Wool bale elevator section, wood/ metal, used at Farmers and Graziers Woolstore No 1 373 Wattle St Ultimo, Westinghouse Electric/ Australian Electrical Industries/ Gibson Battle & Co Ltd, England/ Australia, 1910-1924
There are various components on the bale elevator assembly bearing manufacturer's brands.
The elevator was powered by a Westinghouse 3 phase induction electric motor made by Westinghouse in Manchester England. The United States manufacturer Westinghouse Electric and Manufacturing Company was internationalised in 1915 with the organisation of Westinghouse Electric International Company. The Westinghouse Electric Elevator Company was formed in 1928. In Australia Westinghouse electric products were distributed by the Australian Westinghouse Electric Company in Castlereagh St Sydney.
The Magnetic Line starter was made by the Australian Electrical Industries. The control Equipment attached to the electric motor was made by Crompton Parkinson P/L.
It is probable that this elevator assembly and housing was supplied and erected by the machine distributors Gibson Battle. A plate on the second identical elevator assembly reads:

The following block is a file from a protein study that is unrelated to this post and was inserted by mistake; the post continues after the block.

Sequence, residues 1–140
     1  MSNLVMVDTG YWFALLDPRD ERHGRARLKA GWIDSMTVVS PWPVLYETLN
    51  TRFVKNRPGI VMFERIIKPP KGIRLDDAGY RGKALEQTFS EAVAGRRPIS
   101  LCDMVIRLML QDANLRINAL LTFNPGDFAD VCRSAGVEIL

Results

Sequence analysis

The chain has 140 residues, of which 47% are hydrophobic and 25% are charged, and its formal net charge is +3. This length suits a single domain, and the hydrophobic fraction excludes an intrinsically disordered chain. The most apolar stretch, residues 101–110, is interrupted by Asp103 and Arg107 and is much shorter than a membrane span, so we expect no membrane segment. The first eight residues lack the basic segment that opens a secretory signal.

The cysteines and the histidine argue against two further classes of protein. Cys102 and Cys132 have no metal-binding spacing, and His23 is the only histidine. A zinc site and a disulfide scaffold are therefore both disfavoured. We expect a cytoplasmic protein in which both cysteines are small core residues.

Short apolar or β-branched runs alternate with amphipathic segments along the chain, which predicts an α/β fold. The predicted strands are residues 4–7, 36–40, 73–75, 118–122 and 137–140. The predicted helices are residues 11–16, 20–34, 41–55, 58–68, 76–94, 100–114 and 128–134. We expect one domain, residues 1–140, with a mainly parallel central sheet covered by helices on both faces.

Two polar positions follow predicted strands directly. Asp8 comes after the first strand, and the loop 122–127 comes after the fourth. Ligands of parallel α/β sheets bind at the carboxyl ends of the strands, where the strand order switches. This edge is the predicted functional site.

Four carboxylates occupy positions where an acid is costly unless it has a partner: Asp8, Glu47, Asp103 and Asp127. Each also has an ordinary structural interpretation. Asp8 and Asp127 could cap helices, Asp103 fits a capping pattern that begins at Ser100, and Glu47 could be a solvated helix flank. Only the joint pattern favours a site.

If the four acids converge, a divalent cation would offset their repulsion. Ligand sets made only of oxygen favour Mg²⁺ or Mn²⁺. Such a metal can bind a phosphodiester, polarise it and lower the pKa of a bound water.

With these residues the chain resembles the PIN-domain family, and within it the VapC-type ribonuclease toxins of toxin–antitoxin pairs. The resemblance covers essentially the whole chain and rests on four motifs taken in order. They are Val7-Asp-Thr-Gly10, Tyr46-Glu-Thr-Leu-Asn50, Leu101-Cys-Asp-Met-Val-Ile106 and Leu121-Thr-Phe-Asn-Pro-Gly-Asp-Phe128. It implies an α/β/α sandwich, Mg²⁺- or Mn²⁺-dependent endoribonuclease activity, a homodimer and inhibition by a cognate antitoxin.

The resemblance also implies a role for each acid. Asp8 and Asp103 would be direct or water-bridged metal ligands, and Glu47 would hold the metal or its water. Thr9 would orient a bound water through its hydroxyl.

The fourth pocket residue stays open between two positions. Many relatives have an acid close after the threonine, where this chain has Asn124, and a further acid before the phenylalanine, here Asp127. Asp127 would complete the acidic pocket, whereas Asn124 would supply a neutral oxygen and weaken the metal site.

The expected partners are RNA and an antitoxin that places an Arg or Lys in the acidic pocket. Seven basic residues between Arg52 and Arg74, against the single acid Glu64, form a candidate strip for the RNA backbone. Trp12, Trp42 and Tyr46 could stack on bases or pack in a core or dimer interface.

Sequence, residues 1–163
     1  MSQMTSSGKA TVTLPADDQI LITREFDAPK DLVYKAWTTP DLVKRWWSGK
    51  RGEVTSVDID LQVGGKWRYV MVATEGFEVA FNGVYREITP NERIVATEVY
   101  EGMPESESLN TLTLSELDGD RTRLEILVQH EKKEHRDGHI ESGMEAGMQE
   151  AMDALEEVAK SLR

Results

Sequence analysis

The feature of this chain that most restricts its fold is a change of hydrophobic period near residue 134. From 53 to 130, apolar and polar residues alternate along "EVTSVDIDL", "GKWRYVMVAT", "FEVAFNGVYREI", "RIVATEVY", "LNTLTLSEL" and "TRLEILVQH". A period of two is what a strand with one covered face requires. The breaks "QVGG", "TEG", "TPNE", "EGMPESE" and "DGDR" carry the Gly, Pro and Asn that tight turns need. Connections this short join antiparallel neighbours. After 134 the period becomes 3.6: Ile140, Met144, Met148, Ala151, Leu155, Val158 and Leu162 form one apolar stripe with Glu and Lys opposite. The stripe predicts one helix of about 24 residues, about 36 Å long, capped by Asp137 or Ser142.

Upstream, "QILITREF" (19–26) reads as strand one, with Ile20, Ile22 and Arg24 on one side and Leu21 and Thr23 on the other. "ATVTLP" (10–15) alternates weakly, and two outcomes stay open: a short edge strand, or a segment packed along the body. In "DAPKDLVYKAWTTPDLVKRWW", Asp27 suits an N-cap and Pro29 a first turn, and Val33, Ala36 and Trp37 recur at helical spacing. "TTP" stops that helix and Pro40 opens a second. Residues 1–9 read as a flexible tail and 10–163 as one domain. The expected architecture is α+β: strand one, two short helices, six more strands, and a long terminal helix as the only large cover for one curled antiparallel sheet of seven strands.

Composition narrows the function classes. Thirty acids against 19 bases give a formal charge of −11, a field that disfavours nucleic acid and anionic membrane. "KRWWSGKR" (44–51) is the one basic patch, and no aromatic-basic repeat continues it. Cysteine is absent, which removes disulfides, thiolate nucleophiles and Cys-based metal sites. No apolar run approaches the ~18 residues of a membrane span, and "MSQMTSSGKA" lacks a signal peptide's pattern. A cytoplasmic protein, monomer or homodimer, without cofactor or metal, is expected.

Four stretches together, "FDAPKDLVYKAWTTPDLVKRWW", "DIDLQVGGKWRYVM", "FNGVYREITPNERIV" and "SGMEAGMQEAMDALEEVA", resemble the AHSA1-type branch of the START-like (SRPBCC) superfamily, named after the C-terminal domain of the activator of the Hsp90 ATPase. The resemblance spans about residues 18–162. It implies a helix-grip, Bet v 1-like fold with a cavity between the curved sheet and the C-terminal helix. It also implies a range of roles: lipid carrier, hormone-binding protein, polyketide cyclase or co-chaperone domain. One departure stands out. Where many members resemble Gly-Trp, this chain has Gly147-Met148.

Supplied and Erected
Gibson Battle and Co Ltd
Sydney and Melbourne
Gibson Battle was a major importer of agricultural and mining equipment. It also established workshop in Alexandria and an iron foundry in Waterloo. The company was founded in Sydney in 1883 and expanded to Melbourne in 1912. In 1996 it became part of the transmission division of Engineered Products Group, which was acquired by Transmission Australia in 2006.
The industrial archaeological assessment compiled by Carl Doring and Schwager Brooks and partners suggests two possible installation dates for the lifts: 1910/11; and 1924, coinciding with the extension of the building. The lifts were used until the 1980s.
The lift from which this section comes was used to bring wool bales from any of the lower six floors up to the seventh floor where inspection occurred. The saw tooth roof on this floor maximised the light available for inspectors. It is likely that the elevators were only used for raising bales to the top as there were several simple gravity bale drops for transporting bales back down.